You’re under no obligation to blindly accept all criticism. Just as you consider who’s offering the critique, you also need to think about where the criticism comes from, particularly if it’s coming from a positive or negative place. It’s a sad but true fact that people sometimes bring down others, especially in a work environment. If a piece of critique seems spiteful, vindictive, or far-fetched, trust your instincts and ask for a second opinion. You can receive advice that’s designed to bring you down rather than improve your performance, so don’t hesitate to ask other managers and leaders for their opinions.
Listen to what’s said
Instead of being defensive, be mindful and listen to what your coworker or supervisor says. Don’t let your emotions get in the way of the message. In dealing with criticism, once you open up to it, you frequently discover easier or more efficient ways to perform your tasks at work. Moreover, the advice you receive from your boss or leader can reveal your strengths and weaknesses as an employee, but you won’t learn those lessons if you refuse to let yourself hear them. It’s unlikely that your superiors will want to continue working with someone who shuts down their critiques.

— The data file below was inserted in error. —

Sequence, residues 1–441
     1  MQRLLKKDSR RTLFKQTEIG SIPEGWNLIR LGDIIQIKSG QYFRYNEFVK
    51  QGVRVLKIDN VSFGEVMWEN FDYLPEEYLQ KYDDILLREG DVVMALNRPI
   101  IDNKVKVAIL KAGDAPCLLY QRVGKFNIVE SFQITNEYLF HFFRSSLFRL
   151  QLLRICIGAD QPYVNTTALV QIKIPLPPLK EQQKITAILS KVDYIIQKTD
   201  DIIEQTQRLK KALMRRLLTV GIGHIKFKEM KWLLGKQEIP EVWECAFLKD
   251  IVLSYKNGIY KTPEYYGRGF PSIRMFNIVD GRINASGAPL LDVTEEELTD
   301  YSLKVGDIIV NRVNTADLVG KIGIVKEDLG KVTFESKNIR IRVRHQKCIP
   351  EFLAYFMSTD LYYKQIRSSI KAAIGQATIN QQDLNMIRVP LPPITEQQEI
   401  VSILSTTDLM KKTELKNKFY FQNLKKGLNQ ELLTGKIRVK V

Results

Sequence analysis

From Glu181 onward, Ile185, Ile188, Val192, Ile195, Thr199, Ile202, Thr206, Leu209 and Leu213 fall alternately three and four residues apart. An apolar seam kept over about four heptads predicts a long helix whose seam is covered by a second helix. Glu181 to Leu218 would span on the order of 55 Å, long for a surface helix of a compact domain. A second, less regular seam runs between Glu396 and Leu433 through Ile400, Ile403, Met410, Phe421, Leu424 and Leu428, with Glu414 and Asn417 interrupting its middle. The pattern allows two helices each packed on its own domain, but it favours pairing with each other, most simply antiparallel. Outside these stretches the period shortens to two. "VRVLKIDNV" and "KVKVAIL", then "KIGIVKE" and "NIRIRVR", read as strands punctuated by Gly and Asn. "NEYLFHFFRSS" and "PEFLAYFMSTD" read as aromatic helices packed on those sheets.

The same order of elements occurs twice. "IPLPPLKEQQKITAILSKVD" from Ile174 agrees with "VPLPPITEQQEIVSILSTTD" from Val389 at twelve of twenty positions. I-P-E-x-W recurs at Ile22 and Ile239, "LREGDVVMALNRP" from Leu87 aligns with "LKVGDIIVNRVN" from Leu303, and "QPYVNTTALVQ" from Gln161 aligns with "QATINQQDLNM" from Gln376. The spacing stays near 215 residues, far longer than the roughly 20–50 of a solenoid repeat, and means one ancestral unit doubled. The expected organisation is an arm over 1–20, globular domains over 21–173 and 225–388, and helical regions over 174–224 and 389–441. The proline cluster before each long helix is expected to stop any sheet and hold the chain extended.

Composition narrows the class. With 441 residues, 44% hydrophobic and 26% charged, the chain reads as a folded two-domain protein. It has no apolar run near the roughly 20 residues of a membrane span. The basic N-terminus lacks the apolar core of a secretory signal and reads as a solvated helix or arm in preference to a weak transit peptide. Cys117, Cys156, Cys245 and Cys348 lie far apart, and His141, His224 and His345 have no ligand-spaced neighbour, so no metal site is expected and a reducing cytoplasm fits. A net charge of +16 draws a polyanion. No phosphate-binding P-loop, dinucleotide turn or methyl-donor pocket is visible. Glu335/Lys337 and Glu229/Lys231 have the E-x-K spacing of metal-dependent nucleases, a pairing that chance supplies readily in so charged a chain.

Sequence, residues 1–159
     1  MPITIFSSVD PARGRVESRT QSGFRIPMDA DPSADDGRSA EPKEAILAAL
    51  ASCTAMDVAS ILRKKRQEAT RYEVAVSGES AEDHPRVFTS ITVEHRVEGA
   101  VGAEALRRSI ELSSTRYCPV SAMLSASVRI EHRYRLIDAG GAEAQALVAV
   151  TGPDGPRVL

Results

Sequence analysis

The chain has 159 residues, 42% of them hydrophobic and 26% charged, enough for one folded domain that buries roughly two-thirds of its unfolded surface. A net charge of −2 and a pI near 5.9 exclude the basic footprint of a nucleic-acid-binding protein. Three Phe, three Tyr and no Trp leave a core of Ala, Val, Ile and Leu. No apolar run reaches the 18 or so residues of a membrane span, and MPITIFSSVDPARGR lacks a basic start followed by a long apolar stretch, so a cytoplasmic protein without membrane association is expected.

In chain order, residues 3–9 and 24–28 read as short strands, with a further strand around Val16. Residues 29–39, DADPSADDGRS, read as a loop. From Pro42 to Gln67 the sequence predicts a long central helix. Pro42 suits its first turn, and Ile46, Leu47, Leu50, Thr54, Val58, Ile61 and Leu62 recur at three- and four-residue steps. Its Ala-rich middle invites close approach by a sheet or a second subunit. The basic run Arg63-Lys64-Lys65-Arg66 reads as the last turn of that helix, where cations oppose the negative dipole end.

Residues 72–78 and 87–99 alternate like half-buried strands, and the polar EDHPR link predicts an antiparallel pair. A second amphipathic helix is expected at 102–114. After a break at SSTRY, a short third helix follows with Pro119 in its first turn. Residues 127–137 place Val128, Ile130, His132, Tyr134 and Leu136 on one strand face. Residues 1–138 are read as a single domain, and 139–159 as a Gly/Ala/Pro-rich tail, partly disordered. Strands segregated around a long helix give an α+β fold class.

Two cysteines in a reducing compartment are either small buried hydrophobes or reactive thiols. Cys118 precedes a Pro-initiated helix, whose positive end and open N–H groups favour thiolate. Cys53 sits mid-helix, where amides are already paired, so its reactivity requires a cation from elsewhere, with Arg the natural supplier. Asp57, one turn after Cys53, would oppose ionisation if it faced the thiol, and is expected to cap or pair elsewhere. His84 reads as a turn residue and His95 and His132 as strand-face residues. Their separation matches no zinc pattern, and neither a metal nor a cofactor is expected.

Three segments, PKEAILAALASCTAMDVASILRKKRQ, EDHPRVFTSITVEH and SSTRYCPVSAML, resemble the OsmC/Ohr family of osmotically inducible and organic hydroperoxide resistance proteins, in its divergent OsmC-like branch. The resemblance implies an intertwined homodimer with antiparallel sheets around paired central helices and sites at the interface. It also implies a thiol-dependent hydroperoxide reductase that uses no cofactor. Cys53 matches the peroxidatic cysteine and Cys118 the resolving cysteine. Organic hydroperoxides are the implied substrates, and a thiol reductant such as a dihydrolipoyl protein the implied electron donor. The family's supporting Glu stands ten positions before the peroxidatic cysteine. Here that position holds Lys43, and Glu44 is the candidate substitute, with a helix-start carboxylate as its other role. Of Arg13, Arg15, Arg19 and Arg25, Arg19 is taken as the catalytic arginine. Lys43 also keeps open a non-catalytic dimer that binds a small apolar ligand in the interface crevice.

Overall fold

Stop trying to justify yourself
Jumping to explain yourself makes you seem guilty, unwilling to listen, and stubborn. It’s off-putting and suggests that you don’t have the qualities of a valuable employee. Ask yourself why your first instinct is to justify listing your potential customer leads in the wrong format or failing to fill out a report properly. Are there any justifications for your mistake, or are you just allowing your pride to speak up instead of admitting that you aren’t perfect? Stop explaining away your mistakes and own up to them instead. You’ll learn more, and your employer will have more respect for you.
Deconstruct your feedback with questions